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    Do you ever actually initialize your slope and intercept in your "third case" ? Perhaps you want a function to calculate the slop and intercept based on the two points, initialize them within that function, and then call findY...or you could initialize them to zero by default (in your second constructor) and then check in findY whether they are 0 or not and calculate them if they are...
    "Think not but that I know these things; or think
    I know them not: not therefore am I short
    Of knowing what I ought."
    -John Milton, Paradise Regained (1671)

    "Work hard and it might happen."
    -XSquared

  3. #3
    Registered User axon's Avatar
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    thats the whole point...I want to get the slope and the intercept from the two sets of coordinates, without initilizing the first constructor to a value different than 0....

    axon

    some entropy with that sink? entropysink.com

    there are two cardinal sins from which all others spring: Impatience and Laziness. - franz kafka

  4. #4
    carry on JaWiB's Avatar
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    >>without initilizing the first constructor to a value different than 0....

    Eh? I'm not sure what you mean...it should be pretty simple if you know the math you need...or is that the problem?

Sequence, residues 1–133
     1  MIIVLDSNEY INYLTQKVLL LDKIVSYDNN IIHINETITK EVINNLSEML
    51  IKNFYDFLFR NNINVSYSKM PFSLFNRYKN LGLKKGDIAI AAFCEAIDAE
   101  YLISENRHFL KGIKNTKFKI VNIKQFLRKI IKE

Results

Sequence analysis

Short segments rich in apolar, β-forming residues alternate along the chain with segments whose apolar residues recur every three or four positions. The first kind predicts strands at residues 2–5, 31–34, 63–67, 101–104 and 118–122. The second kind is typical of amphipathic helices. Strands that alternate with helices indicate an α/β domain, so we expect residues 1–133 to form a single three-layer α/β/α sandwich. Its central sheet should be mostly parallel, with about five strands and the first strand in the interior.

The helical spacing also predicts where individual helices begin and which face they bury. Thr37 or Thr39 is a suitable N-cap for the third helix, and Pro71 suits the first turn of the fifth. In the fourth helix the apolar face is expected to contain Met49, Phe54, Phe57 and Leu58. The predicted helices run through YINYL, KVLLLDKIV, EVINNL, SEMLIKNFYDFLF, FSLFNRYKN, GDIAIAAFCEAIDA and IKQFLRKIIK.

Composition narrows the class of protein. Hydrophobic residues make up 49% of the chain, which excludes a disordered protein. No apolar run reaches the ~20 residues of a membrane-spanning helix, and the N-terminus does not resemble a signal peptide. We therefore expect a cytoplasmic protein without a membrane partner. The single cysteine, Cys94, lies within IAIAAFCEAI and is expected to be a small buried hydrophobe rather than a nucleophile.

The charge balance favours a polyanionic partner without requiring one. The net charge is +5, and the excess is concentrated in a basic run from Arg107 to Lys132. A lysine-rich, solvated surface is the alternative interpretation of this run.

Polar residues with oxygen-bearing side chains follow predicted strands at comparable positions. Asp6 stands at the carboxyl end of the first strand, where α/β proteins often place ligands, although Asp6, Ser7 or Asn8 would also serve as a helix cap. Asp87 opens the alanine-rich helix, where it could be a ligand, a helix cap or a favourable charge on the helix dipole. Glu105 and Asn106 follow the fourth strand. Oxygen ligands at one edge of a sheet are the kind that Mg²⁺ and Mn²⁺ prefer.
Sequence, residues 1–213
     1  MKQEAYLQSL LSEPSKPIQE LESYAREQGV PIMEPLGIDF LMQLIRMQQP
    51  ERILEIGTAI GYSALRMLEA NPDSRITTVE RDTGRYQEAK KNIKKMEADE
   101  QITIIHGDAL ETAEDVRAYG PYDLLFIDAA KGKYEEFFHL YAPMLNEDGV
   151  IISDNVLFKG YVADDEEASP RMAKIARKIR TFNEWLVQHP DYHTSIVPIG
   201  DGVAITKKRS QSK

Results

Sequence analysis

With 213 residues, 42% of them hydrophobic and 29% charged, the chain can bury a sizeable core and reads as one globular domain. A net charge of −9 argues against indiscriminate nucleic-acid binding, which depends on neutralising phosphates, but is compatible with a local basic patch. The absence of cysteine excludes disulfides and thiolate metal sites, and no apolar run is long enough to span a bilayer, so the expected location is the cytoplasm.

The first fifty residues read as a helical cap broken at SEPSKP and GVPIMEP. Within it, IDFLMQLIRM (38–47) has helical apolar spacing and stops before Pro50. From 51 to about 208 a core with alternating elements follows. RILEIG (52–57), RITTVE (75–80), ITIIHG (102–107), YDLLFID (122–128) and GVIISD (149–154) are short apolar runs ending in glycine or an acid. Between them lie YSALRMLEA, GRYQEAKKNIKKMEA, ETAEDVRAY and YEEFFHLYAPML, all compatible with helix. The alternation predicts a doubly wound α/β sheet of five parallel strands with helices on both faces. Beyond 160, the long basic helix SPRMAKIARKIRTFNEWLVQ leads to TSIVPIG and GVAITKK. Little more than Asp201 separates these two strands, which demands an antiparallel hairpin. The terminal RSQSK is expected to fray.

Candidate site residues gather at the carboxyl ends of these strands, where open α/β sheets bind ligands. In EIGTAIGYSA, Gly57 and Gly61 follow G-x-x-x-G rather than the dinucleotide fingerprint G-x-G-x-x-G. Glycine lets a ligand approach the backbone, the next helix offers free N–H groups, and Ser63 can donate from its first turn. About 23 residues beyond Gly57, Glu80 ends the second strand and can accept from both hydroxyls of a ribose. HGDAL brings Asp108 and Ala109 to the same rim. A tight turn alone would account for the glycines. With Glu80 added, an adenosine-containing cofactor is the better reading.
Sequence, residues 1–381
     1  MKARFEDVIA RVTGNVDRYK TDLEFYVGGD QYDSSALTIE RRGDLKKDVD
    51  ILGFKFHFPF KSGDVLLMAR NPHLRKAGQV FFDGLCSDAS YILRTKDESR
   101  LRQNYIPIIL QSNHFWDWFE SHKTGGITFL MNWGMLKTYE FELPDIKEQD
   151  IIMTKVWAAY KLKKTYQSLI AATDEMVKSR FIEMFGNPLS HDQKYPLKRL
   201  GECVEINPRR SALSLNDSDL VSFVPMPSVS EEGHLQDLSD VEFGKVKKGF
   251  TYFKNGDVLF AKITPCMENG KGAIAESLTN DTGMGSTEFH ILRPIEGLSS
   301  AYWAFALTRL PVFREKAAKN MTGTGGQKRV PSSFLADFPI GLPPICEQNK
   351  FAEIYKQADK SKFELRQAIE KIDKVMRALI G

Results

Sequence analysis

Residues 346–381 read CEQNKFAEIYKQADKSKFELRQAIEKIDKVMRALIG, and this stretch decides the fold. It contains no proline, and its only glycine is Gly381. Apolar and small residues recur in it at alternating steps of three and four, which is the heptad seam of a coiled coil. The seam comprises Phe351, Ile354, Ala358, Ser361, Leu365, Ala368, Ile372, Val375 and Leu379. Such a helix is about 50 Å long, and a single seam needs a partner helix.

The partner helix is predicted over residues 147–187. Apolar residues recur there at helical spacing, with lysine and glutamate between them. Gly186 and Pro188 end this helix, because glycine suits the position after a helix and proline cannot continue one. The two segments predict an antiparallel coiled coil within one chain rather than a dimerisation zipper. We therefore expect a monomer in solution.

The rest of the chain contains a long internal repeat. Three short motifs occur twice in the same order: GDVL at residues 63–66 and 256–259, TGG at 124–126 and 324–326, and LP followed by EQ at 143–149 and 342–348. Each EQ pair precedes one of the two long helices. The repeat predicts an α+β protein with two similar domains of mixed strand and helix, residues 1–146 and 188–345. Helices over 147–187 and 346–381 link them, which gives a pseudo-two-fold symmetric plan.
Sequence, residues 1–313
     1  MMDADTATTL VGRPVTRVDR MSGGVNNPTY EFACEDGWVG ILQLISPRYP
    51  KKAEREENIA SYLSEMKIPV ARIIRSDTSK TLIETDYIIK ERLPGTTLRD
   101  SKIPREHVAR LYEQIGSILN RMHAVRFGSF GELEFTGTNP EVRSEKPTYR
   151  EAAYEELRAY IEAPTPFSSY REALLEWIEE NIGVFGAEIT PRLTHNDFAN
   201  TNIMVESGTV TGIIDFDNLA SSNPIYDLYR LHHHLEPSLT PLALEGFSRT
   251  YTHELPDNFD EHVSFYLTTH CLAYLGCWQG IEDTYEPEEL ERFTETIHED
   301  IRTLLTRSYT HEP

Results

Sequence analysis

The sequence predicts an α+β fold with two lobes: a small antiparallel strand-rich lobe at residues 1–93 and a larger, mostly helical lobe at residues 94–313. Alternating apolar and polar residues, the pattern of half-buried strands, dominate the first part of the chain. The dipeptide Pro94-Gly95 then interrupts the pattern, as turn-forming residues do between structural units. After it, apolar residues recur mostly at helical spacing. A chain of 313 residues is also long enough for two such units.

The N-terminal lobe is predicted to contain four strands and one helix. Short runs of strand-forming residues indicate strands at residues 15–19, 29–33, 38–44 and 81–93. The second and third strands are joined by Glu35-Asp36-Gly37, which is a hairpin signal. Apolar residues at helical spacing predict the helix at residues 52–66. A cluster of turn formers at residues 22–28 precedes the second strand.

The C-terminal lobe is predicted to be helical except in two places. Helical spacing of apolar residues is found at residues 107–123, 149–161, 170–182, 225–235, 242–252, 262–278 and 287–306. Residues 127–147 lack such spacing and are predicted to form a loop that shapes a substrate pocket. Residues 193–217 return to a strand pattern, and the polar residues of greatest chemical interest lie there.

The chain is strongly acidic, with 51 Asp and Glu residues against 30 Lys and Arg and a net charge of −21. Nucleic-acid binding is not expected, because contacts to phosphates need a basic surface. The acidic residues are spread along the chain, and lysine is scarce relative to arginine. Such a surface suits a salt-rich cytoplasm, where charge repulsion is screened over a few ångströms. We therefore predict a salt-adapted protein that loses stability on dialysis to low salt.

"Think not but that I know these things; or think
    I know them not: not therefore am I short
    Of knowing what I ought."
    -John Milton, Paradise Regained (1671)

    "Work hard and it might happen."
    -XSquared

  5. #5
    Registered User axon's Avatar
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    ...mmmm...that definately is not the problem! if you don't have much to say except comments like that you should refrain from saying anything. Look in the code and you'll see that the math is fine

    axon

    some entropy with that sink? entropysink.com

    there are two cardinal sins from which all others spring: Impatience and Laziness. - franz kafka

  6. #6
    Guest Sebastiani's Avatar
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    >> slope = (y2 - y1)/(x2 - x1);

    If x2-x1 evaluates to zero, your program will crash (a divide by zero exception will occur).

    Second, the solution to your problem is to calculate slope & intercept *within* the 4 parameter constructor, thus simplifying further calculation:


    Code:
    Line::Line( double newx1, double newy1, double newx2, double newy2 )
    		: x1(newx1), y1(newy1), x2(newx2), y2(newy2)
    {
     // prevent divide by zero!
     double valid_denominator = x2 - x1;
     slope = valid_denominator ? (y2 - y1)/(valid_denominator) : 0;
     intercept = (y1 - slope*(x1));
    }

    Will allow you to do:

    Code:
    double Line::findY(double x)
    {
     return (slope*x + intercept);	
    }
    Code:
    #include <cmath>
    #include <complex>
    bool flip(bool value)
    {
           return std::pow
        (
            std::complex<float>(std::exp(1.0)), 
            std::complex<float>(0, 1) * std::complex<float>(std::atan(1.0)*(1 << (value + 2)))
        ).real() < 0;
    }

  7. #7
    Registered User axon's Avatar
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    thanks sebastiani...that worked great! I got rid of the extra constructors that initialized the variables to 0. I think I wanted it to be more complicated then it really is...Thanks !

    axon

    some entropy with that sink? entropysink.com

    there are two cardinal sins from which all others spring: Impatience and Laziness. - franz kafka